A Relational Theologian
…My wife, Karen, thinks I have brain damage.
I played hockey through high school and can remember at least three concussions, but she’s convinced I’ve had more.
It hasn’t affected her love or high opinion of me, but she occasionally sighs when, after 27 years of marriage, I still text to make sure I am buying the correct brand of sharp cheddar. And the whole family teases when I call out from the kitchen to ask again, “Bake or Broil?” It just makes no sense.
I did go to Bible College, and passed all my classes. The school let me walk but held my diploma until I completed my senior ministry internship, which I did by becoming a worship leader at a Foursquare church—but I never got around to sending in the paperwork.
Twenty years later, while on staff as a family pastor at a Methodist church, the Bible College sent new paperwork informing me it needed to be completed and sent back within two weeks, or they would no longer hold my diploma.
I was thrilled. I had no idea they were still holding my diploma. I excitedly filled out the paperwork and truly meant to send it in.
Recently, I connected with a brilliant friend who was sharing that, due to some medical issues, if a stranger calls while he’s driving, he can’t remember the person’s name long enough to pull his car off at the next exit and write it down. “That’s every day of my life,” I thought.
Which is why I’m pretty sure I don’t have brain damage. My brain has always been this way. I didn’t retain the order of the months until Bible College. That’s also when I finally learned how to tell time on a clock face.
And it was Bible College, where I pulled an all-nighter to memorize 20 Scripture passages only to squeak out a C- on the test—then promptly forget those Scriptures within hours. And when I say forget them, I didn’t do it on purpose. I just took a nap.
Though I’ve read Scripture daily from the age of thirteen—the whole book many times over—I couldn’t give you more than ten addresses from memory. I’ve lived in my house for eighteen years. I could drive you anywhere but couldn’t give you more than ten street names.
This isn’t a confessional.
Well, maybe it is.
But not of some indiscretion; it’s about how my brain works, and doesn’t. I am writing about my limitations so you can properly place your expectations.
You see, in this book, I navigate Western Enlightenment and Evangelical tradition and, along the way, confront some cruel and punishing systematic thoughts about God with the serious limitations of a fella who couldn’t read a clock face until he was twenty.
I have not written as a systematic theologian with letters in front of his name; it’s just not who I am. I am a relational theologian and have spent my life leaning into my relational limitations, even when those limitations have confronted and offended many a systematic thought.
I’ve written as a son, husband, dad, brother, and friend. I am loved, and I love. Family and friendship are the lenses through which I perceive and interpret all things—All things.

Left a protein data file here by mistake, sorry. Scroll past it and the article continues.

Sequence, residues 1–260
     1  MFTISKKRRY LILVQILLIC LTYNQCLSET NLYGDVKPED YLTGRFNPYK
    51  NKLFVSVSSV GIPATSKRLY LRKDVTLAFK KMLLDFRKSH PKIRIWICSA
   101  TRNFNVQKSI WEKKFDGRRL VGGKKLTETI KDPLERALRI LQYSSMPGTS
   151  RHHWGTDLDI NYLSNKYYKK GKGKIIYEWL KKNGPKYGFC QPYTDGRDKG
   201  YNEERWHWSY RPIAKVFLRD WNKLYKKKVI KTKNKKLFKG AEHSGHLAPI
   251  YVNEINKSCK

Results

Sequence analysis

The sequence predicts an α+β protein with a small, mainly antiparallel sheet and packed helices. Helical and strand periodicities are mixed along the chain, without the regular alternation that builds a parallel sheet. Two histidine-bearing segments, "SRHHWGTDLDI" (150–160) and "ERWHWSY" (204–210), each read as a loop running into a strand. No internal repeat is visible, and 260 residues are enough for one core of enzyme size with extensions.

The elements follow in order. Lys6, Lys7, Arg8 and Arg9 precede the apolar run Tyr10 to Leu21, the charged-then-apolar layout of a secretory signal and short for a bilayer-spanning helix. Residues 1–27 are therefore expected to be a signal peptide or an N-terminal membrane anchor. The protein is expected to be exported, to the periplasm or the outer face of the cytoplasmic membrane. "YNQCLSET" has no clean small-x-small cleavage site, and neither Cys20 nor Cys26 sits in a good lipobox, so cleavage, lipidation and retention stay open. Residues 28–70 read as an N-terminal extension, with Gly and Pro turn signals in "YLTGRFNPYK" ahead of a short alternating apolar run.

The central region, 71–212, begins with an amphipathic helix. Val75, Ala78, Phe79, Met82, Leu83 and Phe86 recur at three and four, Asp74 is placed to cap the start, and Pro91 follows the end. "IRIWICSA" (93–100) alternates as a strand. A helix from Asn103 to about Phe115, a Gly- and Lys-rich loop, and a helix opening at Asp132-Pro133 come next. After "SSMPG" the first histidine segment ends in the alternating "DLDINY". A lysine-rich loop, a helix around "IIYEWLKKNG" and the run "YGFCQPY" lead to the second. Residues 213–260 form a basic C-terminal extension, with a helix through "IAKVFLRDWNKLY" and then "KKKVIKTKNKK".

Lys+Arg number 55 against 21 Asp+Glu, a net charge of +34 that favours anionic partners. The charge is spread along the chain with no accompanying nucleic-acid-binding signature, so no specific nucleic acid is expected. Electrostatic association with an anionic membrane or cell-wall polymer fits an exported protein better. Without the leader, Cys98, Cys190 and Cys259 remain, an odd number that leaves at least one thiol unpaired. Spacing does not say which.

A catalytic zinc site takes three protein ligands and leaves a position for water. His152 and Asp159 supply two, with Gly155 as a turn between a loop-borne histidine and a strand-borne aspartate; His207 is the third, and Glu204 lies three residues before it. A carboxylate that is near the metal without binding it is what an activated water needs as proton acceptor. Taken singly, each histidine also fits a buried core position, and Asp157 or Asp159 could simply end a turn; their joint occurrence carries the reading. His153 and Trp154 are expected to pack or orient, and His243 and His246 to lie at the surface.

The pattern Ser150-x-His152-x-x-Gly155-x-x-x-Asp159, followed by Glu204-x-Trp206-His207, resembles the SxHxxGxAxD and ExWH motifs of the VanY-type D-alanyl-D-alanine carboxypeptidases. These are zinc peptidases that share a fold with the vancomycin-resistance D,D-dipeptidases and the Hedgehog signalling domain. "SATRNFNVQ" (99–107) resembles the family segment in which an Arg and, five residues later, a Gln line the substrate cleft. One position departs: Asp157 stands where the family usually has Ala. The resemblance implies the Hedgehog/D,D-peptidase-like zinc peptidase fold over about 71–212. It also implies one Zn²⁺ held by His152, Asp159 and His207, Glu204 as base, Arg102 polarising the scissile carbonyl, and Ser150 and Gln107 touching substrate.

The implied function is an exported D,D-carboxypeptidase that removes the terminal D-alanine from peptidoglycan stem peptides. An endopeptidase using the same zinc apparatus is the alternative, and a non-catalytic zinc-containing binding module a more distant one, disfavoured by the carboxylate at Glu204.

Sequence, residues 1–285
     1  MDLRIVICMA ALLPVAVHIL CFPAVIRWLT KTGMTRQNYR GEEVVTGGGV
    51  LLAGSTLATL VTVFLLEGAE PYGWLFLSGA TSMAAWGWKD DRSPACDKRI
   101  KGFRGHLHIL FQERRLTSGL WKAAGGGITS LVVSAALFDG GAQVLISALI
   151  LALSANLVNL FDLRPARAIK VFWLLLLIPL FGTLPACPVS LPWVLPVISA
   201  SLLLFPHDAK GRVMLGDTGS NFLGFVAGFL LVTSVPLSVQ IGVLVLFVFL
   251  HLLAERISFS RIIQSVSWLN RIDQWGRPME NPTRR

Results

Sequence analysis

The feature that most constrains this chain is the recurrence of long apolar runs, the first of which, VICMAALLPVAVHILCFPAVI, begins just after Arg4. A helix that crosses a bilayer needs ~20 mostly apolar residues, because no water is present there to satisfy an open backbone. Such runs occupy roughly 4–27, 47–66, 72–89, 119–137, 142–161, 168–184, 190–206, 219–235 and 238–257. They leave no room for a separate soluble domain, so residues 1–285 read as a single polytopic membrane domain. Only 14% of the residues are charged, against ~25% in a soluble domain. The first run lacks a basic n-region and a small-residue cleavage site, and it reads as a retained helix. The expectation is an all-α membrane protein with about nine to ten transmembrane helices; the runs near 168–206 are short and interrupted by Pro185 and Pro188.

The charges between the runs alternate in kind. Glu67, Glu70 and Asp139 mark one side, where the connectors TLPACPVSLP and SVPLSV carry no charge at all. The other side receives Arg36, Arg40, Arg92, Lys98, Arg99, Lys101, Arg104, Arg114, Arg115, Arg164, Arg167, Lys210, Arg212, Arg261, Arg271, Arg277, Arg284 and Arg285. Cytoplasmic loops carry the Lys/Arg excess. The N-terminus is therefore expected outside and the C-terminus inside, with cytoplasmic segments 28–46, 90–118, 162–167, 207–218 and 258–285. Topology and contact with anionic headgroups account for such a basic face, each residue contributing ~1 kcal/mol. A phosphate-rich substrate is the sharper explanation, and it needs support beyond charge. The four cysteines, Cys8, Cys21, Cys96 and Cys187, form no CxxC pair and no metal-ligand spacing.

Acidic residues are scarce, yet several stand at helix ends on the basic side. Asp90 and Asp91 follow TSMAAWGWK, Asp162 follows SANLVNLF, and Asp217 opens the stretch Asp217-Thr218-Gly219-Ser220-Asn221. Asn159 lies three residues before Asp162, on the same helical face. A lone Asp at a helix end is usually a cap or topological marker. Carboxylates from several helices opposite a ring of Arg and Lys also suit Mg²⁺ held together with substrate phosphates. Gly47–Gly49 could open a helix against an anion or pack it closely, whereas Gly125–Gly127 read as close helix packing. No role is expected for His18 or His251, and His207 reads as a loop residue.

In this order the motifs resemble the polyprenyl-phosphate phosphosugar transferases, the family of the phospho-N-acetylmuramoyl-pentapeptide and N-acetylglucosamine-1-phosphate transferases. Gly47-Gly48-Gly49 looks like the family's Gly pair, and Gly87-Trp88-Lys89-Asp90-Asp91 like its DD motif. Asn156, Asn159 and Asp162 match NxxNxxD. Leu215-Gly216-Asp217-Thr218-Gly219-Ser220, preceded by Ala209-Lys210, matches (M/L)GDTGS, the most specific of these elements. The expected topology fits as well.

This is not a redress of my scholarly brothers and sisters. I am grateful for my friends who study and provide scriptural, historical, and cultural context—those who articulate with knowledge and grace. We are sons and daughters of the same Father, and I learn from their faithful study. I am thankful for how their minds work, their knowledge, and many of their systematic approaches to our thoughts about God. But relationship is the only theological lens through which I can communicate authentically and with any effect.
Love is my doctrine.
Kindness, my dogma.
The goodness of God, my creed.
And Jesus is what love looks like, and He described love fully when He said, “There is no greater love than to lay down one’s life for one’s friends.” (8) To me, this Scripture verse defines perfect theology, and I’ll reference it often.
And Jesus didn’t just talk about perfect theology. He lived, died, and rose so we could fully know Him.
Greater Love—that’s what this book is about.
And Jesus is what Greater Love looks like: dreams, teaches, grieves, heals, saves, judges, transforms, dies, and raises like…
I believe Greater Love is the clearest and truest way to know God, and Greater Love has pierced my heart with His friendship. He’s the kindness that transforms me; the goodness that answers every question of lack, the eternal life I am awakening to, and the only road I’m keen on traveling.
This book is an expression of where my friendship with Jesus has exposed three-foot concrete medians in my life, where Love has redirected traffic.
Because I know well the vain exhaustion of seeking the right destination on the wrong road. I’ve traveled many a Western Enlightenment, evangelically influenced, institutionally endorsed, systematically well-worn “What am I still lacking?” superhighway in an endeavor to arrive at eternal life—only to discover you can’t get there from here.
You see, Greater Love is not a destination. Rather, it’s a friendship, an awakening to the Spirit of God within us. (9) Jesus described it this way, “For indeed, this (eternal life) Kingdom of God is within you.” (10)
And so, I have written as a relational theologian about my friendship with Jesus in the hope I might also encourage you in your friendship.
Brain-damaged or not, I have written with confidence, not in my ability to parse Scripture or break down theological terms, neither in what is right or wrong, but in whatever is true, noble, just, pure, and lovely. (11)
As a relational theologian, I have also written with the awareness that the greater love of Jesus is always better than our best understanding—often offensively so.
This article is excerpted from my book, Leaving and Finding Jesus